The future of homeworking – how to empower an isolated workforce
The year is 2020, and life as we knew it has changed forever...
The year is 2020 and life as we know it has changed…
As the fallout from the global pandemic continues, businesses are facing up to the fact that some changes are here to stay.
Agile Automations takes a look at the trend for a remote workforce and how this ‘new way of working’ will be more reliant on technology than ever.
An unexpected boom 💥
Mass homeworking has, inadvertently, been one of the biggest changes to come out of COVID-19 as firms across the country abandoned corporate offices and gave staff remote access instead.
According to the BBC, fifty of the biggest UK employers reported that they had no plans to return all staff to the office full-time anytime soon. And almost half actually said they didn’t have plans for workers to return to the office at all when surveyed at the end of August.
This is happening across all sectors, from retail to banking, with employers unable to implement safe social distancing.
There is also a reluctance breeding within the workforce to return to offices with many realising that expensive or time-consuming commutes are not necessary to do a good job.
This feeds into the perpetual work/life balance debate with more family time seen as a positive thing after months of lockdown together.
Of course, this mass abandoning of city centre offices will have a knock-on effect and could cost the UK economy £480bn. Hence the government’s campaign to get ‘Britain back to work’.
Manchester is no different and we have already seen concerted efforts by Marketing Manchester and CityCo to entice visitors and workers back into the city.
What does it mean for employers?
Many employers are following suit with swathes of offices set to close for good.
Surprisingly, this includes top government contractor Capita who is shutting 100 offices in favour of permanent home working.
Other major players mixing up how employees will work post-COVID are high street banks.
According to the FT, Virgin Money and Metro Bank have already drawn up plans to add new facilities for flexible working in branches. This would see corporate offices ditched by thousands in favour of making more of their high street presence.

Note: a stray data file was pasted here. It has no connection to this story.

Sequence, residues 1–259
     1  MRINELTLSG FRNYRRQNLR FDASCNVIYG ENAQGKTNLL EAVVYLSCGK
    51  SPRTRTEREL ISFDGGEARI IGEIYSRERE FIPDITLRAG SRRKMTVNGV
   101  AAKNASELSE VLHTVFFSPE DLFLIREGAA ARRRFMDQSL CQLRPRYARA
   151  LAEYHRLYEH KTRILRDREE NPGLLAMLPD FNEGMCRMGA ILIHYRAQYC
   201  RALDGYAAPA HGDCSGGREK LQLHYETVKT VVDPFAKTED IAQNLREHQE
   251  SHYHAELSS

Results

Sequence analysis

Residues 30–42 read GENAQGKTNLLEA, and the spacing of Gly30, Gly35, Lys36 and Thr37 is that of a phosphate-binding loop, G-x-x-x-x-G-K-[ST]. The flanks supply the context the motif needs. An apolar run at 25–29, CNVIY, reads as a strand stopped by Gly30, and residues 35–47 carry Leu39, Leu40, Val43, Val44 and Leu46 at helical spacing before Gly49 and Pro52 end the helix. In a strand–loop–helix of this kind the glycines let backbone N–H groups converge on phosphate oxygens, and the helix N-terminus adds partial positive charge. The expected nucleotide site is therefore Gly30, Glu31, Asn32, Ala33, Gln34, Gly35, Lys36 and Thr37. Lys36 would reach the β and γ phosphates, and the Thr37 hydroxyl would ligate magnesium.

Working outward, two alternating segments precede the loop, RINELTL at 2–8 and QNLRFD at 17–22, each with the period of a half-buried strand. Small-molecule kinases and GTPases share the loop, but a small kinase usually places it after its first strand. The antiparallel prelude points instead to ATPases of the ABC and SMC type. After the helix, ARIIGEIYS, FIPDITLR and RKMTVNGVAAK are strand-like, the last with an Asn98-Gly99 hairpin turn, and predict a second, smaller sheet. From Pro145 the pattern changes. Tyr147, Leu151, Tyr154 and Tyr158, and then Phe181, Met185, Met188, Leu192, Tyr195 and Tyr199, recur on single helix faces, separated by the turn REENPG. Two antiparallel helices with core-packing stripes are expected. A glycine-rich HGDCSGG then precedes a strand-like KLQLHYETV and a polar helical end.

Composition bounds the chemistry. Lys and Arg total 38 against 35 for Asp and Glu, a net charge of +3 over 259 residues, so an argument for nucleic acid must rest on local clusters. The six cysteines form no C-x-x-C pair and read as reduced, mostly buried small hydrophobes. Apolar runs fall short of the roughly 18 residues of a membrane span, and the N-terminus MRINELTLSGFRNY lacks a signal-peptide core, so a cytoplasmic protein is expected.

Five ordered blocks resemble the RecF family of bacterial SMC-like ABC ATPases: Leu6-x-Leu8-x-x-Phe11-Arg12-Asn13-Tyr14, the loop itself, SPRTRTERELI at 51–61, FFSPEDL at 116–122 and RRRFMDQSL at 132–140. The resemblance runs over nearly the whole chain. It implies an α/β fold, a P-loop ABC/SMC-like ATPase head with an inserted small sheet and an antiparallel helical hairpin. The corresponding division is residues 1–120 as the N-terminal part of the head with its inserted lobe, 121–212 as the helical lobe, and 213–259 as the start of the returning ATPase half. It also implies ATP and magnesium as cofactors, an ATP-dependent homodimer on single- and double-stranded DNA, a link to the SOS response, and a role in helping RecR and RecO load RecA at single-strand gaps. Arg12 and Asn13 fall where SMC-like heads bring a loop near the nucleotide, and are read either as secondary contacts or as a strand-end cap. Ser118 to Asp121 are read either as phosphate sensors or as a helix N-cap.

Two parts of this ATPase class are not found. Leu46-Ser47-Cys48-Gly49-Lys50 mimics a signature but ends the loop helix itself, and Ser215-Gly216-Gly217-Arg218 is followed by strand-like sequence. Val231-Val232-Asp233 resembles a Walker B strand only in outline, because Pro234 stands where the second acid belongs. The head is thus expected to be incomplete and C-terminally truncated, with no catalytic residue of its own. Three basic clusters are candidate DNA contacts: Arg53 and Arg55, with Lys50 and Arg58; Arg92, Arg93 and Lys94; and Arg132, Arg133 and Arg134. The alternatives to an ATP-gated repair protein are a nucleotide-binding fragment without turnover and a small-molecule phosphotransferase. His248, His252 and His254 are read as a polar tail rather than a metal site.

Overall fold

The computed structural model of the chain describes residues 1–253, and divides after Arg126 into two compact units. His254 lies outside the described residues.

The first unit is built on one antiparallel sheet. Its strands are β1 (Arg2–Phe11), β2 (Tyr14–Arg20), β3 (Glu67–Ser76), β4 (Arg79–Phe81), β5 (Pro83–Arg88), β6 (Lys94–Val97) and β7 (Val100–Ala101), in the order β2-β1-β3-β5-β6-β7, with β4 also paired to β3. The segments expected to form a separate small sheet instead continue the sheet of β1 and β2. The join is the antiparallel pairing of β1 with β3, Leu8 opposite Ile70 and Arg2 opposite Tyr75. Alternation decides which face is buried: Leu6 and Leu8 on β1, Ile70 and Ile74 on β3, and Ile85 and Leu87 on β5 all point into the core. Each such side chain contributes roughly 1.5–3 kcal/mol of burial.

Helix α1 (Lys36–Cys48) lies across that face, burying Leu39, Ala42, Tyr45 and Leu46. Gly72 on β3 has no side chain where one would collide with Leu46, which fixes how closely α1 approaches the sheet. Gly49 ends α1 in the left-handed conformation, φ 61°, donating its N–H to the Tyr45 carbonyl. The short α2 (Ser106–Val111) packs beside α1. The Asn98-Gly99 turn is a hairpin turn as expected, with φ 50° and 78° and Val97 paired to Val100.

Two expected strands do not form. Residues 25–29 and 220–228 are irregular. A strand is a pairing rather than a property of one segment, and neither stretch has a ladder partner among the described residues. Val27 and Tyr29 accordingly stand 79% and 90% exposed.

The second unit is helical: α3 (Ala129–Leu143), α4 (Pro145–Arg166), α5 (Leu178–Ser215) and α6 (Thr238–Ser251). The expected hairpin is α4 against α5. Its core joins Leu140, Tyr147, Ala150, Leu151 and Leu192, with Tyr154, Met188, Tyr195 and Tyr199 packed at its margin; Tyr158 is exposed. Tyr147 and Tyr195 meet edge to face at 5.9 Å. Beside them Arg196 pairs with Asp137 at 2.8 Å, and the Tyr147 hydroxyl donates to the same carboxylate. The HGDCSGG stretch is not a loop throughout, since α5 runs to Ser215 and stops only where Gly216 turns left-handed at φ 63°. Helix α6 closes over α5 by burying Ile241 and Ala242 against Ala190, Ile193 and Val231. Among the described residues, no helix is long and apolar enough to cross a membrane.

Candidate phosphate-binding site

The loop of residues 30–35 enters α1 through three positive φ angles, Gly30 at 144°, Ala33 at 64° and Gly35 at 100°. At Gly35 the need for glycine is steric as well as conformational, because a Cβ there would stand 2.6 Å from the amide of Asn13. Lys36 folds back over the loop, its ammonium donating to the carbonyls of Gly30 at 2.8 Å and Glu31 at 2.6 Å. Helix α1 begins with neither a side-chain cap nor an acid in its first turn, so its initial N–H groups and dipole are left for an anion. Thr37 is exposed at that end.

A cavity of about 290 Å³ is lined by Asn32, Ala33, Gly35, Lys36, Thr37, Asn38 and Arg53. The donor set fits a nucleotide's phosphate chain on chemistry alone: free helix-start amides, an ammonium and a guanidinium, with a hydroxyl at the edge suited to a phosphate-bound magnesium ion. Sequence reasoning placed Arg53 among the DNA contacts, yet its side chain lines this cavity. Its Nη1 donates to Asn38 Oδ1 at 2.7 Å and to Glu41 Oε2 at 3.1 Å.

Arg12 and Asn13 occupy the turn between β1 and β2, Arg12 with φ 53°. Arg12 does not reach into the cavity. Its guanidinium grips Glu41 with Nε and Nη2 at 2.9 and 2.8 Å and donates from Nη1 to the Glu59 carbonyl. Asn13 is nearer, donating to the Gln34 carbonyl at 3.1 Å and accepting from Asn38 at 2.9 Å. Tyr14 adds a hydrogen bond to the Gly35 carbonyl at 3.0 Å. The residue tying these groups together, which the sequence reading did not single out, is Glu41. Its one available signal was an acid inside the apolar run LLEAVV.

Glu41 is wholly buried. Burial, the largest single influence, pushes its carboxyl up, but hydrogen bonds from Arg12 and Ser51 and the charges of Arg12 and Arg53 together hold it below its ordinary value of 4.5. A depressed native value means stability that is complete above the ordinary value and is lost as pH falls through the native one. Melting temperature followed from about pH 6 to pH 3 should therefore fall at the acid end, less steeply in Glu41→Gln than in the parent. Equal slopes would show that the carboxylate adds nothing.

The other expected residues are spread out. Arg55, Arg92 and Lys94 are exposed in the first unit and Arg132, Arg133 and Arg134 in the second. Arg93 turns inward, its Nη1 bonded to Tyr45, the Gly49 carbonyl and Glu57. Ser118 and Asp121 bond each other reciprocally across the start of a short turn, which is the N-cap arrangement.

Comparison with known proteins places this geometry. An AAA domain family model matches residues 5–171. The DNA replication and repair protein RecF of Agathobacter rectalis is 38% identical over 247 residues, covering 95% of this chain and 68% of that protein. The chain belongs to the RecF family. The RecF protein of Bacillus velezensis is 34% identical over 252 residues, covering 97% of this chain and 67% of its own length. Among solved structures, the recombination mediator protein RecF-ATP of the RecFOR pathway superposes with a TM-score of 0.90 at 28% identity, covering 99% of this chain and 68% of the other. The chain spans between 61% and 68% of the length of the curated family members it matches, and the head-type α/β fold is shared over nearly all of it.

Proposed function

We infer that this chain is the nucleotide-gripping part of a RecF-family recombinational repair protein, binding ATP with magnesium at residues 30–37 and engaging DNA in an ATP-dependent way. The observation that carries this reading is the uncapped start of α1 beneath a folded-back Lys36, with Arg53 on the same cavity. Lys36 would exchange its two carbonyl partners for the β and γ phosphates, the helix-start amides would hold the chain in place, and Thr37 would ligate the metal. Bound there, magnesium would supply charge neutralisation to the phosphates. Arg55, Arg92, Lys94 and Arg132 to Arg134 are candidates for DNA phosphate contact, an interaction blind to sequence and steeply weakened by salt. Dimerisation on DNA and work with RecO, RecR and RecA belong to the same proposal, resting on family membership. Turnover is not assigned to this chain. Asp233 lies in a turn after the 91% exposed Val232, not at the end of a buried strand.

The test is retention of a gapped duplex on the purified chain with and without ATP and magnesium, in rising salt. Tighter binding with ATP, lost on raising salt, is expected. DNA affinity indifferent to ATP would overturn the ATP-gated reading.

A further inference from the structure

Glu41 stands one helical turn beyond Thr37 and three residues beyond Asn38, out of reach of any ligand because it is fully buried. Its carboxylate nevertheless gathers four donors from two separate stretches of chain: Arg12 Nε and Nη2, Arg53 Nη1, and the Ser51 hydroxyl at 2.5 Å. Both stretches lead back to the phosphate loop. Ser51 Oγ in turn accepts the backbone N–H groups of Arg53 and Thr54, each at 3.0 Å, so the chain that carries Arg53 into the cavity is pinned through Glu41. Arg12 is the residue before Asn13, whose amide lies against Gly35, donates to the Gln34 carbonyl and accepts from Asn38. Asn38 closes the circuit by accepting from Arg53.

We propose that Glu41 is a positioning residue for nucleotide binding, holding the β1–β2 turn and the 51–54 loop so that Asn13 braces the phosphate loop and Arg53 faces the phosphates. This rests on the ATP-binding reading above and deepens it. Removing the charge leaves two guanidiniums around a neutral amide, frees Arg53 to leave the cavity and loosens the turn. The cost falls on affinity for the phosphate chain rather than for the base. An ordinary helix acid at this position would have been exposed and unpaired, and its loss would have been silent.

Lloyds Banking Group, which has the UK’s largest branch network, will start testing a similar approach from October.
The move to home working, in particular, throws up many considerations for business leaders.
How do you help staff create the right working environment? Can teams continue to work as effectively from home? And how do you manage the impact on the team’s mental health and stress levels? These are all current issues which many bosses are trying to figure out.
However, this shift is also a major opportunity for employers to invest in the right digital infrastructure.
Embracing digital innovation will not only support staff during the transition but also unburden them from menial or repetitive tasks long-term.
How can technology aid homeworking?
So, now we know that employees don’t need to be together in a physical office to do a good job.
But how can technology help them do a better job as we all transition to a more flexible approach to our place of work?
Robotic process automation (RPA) is an example of digital innovation which will make all the difference to your business in this post-pandemic world.
RPA is all about creating “software bots” to automate mundane repetitive tasks which take employees away from more productive tasks such as decision-making or customer service.
Embracing this technology will help empower an increasingly home-based workforce creating more purpose and speeding up data-heavy tasks.
Not only is RPA the fastest-growing segment of the enterprise software market but it has an impressive take-up rate by firms in recent years.
In 2018 Deloitte reported that 53% of respondents to their annual RPA survey had already embarked on their automation journey, and predicted that figure would rise to 72% by 2020. This can only have been speeded up by the outbreak of coronavirus and the current trend for homeworking.
Here are just some of the ways RPA can assist businesses:
- Finance: Transactions can be checked against sanctions and AML restrictions, payment authorisation checks
- Procurement: Purchase orders, invoices, automatic updates
- HR: Regulatory reporting, employee vetting and ‘know your customer’ checks
- Accounting: Automatic invoicing, bank reconciliation, VAT and other tax updates and returns
- Governance and Risk: Takes the risk out of home-based staff accessing sensitive data and avoids GDPR issues as well as human error
At Agile Automations we believe bots should do the mundane legwork so your staff can focus on what they’re talented at.